Okay. Maybe I should have said princess.
Any internet savvy geek that says he/she has never visited 4chan is like any 16 year old boy saying he’s never masturbated. You’re just not fooling anyone. I’ve never been shy about admitting that I am (was?) an active 4chan lurker for many, many moons (by memory, since about 2004/5). I mean, /wg/ is still my first stop when ever I get tired of my desktop wallpaper. I get a lot of my comic news and opinions on /co/, find new anime and manga to check out on /a/, check out what the latest gaming buzz is on /v/ & /vg/, got opinions and help making stuff on /diy/, and yes, spent an inordinate amount of time giggling at stuff on the infamous /b/. I suppose by admitting it, I am not what you’d refer to as “anon”. Today is an interesting day in the legend of the beloved(?) “Armpit of the Internet”. Moot (the moniker used by 4chan founder Christopher Poole) has announced his retirement.
— moot (@moot) January 21, 2015
“Who cares?!” some might say, “Good riddance!” may say others, especially as of late since all the changes that have been made to the site have pushed many long time users away (most running to 8chan). What changes? Well, mostly a lot of moderation to the previously seemingly unmoderated random board, /b/. Well, honestly, it is a big deal in the history of the web. Say what you will about 4chan, it’s footprint on internet culture, even modern culture as we know it, is possibly larger than any other site on the web. If you really look into it, that fact is inarguable.
If you look at every major “meme” that has hit the internet in the past 10 years, like “Lolcats” and “Rickrolling”, I’d venture to say that no less than 75% of them got their start as some stupid joke or weird post on 4chan. Granted, mostly on /b/. And moot is the one that started the whole thing. He is the creator of the badlands, the evil overlord (underlord?) of the largest area of truly free speech on the internet. He built the hive and we populated it with the chaos that “free speech” brings to a legion of repressed weirdos given anonymity.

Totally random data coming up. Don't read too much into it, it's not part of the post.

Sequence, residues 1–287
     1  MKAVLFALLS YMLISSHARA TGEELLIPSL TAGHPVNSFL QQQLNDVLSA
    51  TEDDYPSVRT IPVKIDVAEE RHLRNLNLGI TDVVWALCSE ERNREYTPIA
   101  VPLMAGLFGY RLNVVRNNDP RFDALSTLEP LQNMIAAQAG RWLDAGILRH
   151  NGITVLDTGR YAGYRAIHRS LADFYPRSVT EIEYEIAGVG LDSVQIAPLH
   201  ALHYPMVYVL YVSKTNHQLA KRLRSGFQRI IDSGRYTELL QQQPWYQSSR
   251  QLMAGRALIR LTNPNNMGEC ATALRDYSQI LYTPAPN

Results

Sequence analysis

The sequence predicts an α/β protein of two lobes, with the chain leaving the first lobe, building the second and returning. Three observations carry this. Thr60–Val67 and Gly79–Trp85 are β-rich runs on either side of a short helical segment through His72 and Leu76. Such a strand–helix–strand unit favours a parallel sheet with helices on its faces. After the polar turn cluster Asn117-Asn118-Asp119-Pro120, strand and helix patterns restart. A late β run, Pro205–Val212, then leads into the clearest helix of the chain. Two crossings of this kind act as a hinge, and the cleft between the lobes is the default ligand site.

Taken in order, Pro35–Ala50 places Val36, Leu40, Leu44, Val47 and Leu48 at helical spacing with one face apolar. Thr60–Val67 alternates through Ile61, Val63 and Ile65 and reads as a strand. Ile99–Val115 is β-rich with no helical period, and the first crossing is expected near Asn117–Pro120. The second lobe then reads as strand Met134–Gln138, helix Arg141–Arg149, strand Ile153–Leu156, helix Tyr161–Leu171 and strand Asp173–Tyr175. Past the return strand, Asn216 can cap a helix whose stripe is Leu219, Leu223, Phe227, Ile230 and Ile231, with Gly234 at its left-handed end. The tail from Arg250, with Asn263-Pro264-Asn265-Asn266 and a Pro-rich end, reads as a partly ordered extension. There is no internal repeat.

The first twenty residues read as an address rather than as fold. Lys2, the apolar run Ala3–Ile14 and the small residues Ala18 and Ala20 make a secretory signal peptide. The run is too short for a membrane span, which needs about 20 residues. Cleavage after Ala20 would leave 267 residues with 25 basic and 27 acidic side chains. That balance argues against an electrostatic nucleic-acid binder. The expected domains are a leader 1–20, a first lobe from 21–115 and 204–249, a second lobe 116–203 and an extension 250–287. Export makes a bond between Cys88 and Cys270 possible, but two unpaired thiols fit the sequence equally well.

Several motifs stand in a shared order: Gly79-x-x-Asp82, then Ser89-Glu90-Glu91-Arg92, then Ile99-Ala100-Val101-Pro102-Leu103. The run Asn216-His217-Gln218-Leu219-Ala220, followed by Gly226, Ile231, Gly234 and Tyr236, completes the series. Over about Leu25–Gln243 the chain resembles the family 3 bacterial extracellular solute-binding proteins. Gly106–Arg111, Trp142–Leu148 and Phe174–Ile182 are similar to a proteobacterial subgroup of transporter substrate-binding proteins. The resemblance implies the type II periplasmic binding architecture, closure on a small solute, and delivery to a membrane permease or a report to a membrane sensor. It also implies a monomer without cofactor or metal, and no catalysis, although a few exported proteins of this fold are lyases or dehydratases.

Was /b/ or “Random” was the wretched hive of scum and villainy everyone claims? Yes. Is it still? That remains to be seen. The repercussions of certain incidents of “social injustice” (it hurts me to even type that), have caused some changes in the moderation of the boards. The “free speech” has been wrangled in and moderated, proving it no longer so free. The way things have been going in the past year, it almost seemed like even the anonymity might be taken away. “Well good, those jerks on there need to take account for their actions!!” you might say. You may very well be right in that thought, but think further. Punishing a select few (it may seem like a lot, but when you consider the whole, it’s not really that many) may affect many, many more. Censoring opinions, wrong as they may seem, is bad. Because what happens down the line when a larger group disagrees with you? See what I’m saying? It’s a much larger conversation to be had than I’m going to get into in this article. The point is, the open forum that moot started has begun to be censored. And now moot is leaving. So what is to become of things moving forward?
Just as 4chan was built as a sort of “copy” of a site moot was a fan of, most other “chans” and open forums are copies of it. Trying to “cash in”, if you will, on the popularity. So when the biggest beast goes down, or if the changes made become monetarily fruitful, it’s only a matter of time before the rest of them follow suit. And the internet as we know it changes forever.
So yes, does it mean anything that moot is leaving 4chan? I’d say so. It’s an important note in an early chapter of the history of the world wide web. What changes are his leaving going to make? Have the SJW’s (Social Justice Warriors) won and are taking over? Who’s going to be running the show? Will the reigns be given slack? Well, we’ll just have to wait and see.
Moot did an 8-hour Q&A which, if you wish to, you can listen to in its entirety here: